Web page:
1983 XV500 Cafe Racer

Popeye SXM

Also used for MX
Nicely described, I hope those non engineers here now have a better understanding of rear suspension, converting to a mono set up is often more difficult than most invision. I think the best way to learn to is to try to do it yourself
 

Karlloss

Been Around the Block
jpmobius said:
An easy way to see if you are in the ballpark is to measure the full travel of the shock with the spring removed. It need to be quite close to the travel you expect to see in your own set up.

For the record, I have taken the spring off and measured the total travel of the shock. The travel does suffice for my design.

I understand what you are saying, essentially it is the total clockwise movement equals total anti-clockwise movement, principles of moment. The anti-clockwise force in this case is the force of the spring, which due to the nature of the spring actually creates a variable force which increases as the lever (crank) rotates, i.e. the spring force in N/mm, which is a compound force from zero to full compression.

The amount of compression of the spring as the lever rotates through its arc varies due to the spring being a linear movement versus the rotational movement of the lever in relation to the top mounting point of the spring.

I agree with your observations, however what needs to be remembered are that as the lever moves through its arc, the spring will be compressed. The compression of the spring will be accumulative (compound) as it shortens, which means the force will increase through the arc of the lever. However as you have explained, as the lever moves through its arc towards the extreme of its range, the linear movement (that which compresses the spring) becomes less than when at the 90 degree point. But as it is still compressing the spring, a greater force will still be needed than when in the first range of movement before the 90 degree point. Essentially it means the suspension will feel soft moving to firm and then slightly softening but not enough to be an issue.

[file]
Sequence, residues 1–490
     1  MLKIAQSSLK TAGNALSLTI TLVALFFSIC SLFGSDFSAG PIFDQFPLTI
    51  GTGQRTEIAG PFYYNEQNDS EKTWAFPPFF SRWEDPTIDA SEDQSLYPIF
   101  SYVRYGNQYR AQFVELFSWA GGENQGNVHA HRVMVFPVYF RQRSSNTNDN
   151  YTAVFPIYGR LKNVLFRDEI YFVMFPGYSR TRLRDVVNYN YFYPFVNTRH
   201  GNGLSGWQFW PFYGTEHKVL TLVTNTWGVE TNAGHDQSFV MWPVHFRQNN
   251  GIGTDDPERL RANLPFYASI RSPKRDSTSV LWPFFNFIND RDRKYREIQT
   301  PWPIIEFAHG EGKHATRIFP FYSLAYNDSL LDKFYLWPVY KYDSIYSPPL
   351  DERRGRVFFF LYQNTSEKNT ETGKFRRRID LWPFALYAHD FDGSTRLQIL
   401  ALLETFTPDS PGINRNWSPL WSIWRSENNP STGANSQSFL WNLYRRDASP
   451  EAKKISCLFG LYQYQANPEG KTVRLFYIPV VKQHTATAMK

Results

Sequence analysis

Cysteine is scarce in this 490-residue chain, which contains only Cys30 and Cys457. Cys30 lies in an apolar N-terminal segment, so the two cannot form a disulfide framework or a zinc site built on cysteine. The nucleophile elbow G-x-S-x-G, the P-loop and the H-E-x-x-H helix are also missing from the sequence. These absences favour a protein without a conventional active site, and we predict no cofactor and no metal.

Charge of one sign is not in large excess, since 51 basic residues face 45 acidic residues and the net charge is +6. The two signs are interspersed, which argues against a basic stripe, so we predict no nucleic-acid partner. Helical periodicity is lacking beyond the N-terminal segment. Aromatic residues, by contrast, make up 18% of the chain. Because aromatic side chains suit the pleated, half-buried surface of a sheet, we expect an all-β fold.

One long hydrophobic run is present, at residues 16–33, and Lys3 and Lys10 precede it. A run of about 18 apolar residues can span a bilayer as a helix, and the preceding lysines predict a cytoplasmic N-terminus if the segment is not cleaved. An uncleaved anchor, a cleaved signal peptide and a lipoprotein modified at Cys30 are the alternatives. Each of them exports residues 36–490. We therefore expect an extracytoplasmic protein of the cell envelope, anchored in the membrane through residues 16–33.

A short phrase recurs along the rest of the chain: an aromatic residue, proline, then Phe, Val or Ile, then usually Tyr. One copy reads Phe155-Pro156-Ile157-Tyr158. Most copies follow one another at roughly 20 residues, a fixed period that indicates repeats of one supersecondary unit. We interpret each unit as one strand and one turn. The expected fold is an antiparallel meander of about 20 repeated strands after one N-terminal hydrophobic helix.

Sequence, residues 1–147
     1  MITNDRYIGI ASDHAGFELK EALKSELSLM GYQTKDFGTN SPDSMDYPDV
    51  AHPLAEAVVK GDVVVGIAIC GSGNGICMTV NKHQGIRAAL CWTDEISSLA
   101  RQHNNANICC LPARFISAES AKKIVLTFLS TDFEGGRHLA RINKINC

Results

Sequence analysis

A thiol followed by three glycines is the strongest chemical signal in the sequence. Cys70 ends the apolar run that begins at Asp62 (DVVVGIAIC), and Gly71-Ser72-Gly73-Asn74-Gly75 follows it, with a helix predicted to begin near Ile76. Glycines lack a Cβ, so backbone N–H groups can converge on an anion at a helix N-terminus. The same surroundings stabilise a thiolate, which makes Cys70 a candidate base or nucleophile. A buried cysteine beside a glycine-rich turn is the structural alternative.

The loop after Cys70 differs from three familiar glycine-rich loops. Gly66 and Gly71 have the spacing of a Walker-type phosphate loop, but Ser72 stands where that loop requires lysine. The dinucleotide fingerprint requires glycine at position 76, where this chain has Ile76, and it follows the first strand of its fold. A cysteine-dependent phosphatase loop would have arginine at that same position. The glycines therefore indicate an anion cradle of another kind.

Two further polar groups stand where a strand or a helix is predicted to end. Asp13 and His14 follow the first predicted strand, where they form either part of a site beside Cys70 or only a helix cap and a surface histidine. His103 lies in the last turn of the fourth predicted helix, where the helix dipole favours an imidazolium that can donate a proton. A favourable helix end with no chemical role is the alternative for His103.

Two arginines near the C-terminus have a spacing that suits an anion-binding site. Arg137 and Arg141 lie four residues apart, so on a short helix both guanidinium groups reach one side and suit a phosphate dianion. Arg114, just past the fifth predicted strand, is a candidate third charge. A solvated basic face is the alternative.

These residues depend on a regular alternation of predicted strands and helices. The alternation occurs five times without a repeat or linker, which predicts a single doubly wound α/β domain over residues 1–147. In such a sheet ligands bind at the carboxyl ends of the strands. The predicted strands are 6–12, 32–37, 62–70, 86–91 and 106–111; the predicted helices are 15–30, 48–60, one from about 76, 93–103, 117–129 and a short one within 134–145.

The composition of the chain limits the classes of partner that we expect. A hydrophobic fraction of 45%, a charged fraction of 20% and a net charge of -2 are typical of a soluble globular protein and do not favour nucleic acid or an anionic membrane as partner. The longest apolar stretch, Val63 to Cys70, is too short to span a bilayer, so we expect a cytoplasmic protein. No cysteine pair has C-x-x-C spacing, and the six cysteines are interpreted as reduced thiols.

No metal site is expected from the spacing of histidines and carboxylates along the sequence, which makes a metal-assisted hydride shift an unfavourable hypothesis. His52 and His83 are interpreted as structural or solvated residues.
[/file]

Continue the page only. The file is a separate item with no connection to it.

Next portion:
As for the actual damping of the shock unit, this I completely understand, I am familiar with how shock absorber/dampers work.

What needs to be remembered is that how the bike will be used and considering Kawasaki had these characteristics on their 2004 ZX10R which most road riders never noticed, I'm confident that my project will be fine, especially as it will struggle to get over 90mph.
 

brad black

Been Around the Block
sounds like you've convinced yourself. in reality it'll probably work no worse than a lot of even factory stuff out there that is mis-sprung or applied or overloaded. it's not like you're going to have another one of these done well to compare it to. people ride some amazingly crap stuff in blissful ignorance.

the lower shock mount needs to go down and back. i say do it once and do it right. at full compression the lines between 1/ swingarm pivot and lower mount and 2/ lower mount and upper mount need to be at an angle of 90 degrees or less.
 

Karlloss

Been Around the Block
brad black said:
sounds like you've convinced yourself. in reality it'll probably work no worse than a lot of even factory stuff out there that is mis-sprung or applied or overloaded. it's not like you're going to have another one of these done well to compare it to. people ride some amazingly crap stuff in blissful ignorance.

the lower shock mount needs to go down and back. i say do it once and do it right. at full compression the lines between 1/ swingarm pivot and lower mount and 2/ lower mount and upper mount need to be at an angle of 90 degrees or less.

It’s not about convincing myself, it’s about what is feasible within the limitations of what is available. Your comments appear to be condescending, which I do not welcome.

Likewise I’m not going to be riding in blissful ignorance and I’m not building crap stuff. My work is done well. No suspension set up is perfect, even the big manufacturers cannot achieve that.